Additional Information: The Omaha Mural Project Fertile Ground is a creation of internationally renowned mural artist Meg Saligman. Saligman’s work tells the story of Omaha’s past, present, and future by featuring historical references, present-day communities, and portraying the passage of time with a unique “back to front” rather than “left to right” composition. At 32,500 sq ft, the mural is the largest public art project in the history of the city of Omaha as well as the largest singly funded mural in the nation. The mural features nearly 50 Omahans who were photographed at locations across the city. Each mural character symbolizes an aspect of life in Omaha.

PromO! , 2008

by Colin Smith


Mediums: Fiberglass, Paint

Location: West; Outside of 1st National Bank 3821 N 167th Ct.

Owner: First National Bank

River Critters , 2008

by Andrew Dufford


Mediums: Stone

Location: Omaha-Council Bluffs Bridge; Omaha Plaza at the Bob Kerrey Pedestrian Bridge, 705 Riverfront Drive

Owner: City of Omaha

Additional Information: A unique youth play area is included in the Omaha Plaza at Bob Kerrey Pedestrian Bridge. This play area was designed to interpret the plight of various river wildlife through “River Critters” exhibits.

Robart , 2008

by Michael Godek


Mediums: Stainless Steel

Location: Mid-Town; Sorenson Parkway Development 6318 N. 73rd Plaza located just South of Payless Shoe Source

Owner: Unknown

South Omaha Sound Field , 2008

by Jamie Burmeister


Mediums: Steel

Location: Downtown, Metropolitan Community College; South Omaha Library located at 2808 Q Street, adjacent to Metropolitan Community College

Owner: City of Omaha

Additional Information: South Omaha Sound Field is an interactive public art piece commissioned by the City of Omaha and Metropolitan Community College for the new South Omaha Library. The sculpture was inspired by the diverse immigrant heritages, old and new, that make up South Omaha. When viewers interact with sensors on each of the seven pieces, the sculpture plays music. The experience of the piece changes depending upon how the viewers interact with it. All controls are housed inside the library for climate control and safety. South Omaha Sound Field was inspired by the diverse immigrant heritages, old and new, that make up the South Omaha population, including Eastern European, Hispanic, Sudanese and others.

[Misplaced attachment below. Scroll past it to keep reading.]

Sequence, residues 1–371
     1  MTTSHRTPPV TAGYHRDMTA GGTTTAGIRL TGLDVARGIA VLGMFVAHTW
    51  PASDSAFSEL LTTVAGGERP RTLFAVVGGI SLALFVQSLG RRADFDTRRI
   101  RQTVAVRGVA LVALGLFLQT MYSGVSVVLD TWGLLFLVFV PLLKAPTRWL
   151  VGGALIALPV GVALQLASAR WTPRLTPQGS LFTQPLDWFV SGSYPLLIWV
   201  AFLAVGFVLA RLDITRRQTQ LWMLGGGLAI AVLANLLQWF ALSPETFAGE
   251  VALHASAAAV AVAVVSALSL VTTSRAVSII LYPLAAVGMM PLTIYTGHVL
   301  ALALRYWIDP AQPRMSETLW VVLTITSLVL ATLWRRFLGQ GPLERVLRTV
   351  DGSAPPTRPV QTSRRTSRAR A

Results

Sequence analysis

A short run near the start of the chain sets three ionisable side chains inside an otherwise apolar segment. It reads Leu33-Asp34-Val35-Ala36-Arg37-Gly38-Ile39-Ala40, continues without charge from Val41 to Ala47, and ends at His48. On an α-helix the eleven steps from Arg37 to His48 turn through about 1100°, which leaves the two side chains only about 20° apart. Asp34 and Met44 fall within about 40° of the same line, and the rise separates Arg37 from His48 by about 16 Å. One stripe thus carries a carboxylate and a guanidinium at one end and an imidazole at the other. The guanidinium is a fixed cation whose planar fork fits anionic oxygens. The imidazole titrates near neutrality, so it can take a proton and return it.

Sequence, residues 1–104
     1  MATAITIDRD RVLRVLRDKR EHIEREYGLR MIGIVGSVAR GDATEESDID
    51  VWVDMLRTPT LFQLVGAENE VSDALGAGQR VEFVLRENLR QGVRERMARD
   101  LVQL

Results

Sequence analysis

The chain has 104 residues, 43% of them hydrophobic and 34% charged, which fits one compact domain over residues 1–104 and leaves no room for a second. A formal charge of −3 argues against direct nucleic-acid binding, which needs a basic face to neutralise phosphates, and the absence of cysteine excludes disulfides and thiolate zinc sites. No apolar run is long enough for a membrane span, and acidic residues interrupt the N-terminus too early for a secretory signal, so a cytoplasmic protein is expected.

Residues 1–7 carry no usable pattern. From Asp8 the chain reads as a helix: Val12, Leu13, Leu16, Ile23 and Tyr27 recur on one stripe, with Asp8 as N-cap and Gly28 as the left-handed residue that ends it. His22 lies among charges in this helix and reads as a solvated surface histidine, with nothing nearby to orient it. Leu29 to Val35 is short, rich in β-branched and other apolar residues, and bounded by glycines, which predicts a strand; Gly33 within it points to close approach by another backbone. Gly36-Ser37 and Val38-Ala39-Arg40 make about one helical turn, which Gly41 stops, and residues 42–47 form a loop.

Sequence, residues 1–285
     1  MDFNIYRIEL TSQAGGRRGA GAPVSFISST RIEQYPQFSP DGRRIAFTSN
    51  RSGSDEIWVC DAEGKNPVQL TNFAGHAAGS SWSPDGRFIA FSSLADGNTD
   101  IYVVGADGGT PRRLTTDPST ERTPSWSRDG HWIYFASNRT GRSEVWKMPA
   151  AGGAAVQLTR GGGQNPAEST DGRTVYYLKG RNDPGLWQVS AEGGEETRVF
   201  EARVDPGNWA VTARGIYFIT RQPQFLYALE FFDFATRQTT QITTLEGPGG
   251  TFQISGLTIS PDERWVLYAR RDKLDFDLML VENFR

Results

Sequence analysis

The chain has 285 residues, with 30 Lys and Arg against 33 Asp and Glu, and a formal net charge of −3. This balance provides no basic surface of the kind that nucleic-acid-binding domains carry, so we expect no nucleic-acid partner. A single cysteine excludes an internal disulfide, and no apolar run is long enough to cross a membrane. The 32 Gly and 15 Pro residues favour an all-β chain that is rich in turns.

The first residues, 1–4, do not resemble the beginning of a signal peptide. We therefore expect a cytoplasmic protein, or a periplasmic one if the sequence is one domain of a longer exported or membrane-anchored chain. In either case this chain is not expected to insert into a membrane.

The Omaha Riverscape , 2008-09

by Jesus Moroles


Mediums: Granite, Stone, Water

Location: Joslyn; Joslyn Art Museum Sculpture Garden 2200 Dodge Street

Owner: Joslyn Art Museum

Additional Information: Moroles’ work reflects the ideas of eternity, stability, and longevity. “The stone itself is the starting point, and I feel a connection to it,” he said, adding that he aims to “make the stone important by drawing attention to it and to show the finished pieces as a result of an interaction between man and nature.” Moroles chooses pieces that can retain a suggestion of their original formation after he has worked on them. He does not use plans or drawings, but rather allows the stone’s veins, colors, and textures to guide him. In a process he calls “tearing granite,” Moroles gradually cracks the stone with “wedges” and “feathers,” never completely sure of the results but always pursuing his masterpiece. He always stops his work at the moment it reaches the fine line between natural and manmade. Certain forms appear again and again in Moroles work—the totem, obelisk, and stele—reflecting similar monuments erected since prehistoric times around the world. Some of his innovations in granite include pieces, such as the Broken Earth water wall that is part of the Joslyn installation, that appear woven into a fabric. The Joslyn museum purchased this piece with funds from the Patron Circle for Contemporary Art and Ted and Helen Kolderie, 2009.

1-10 of 12 results. Page: 1 | 2  »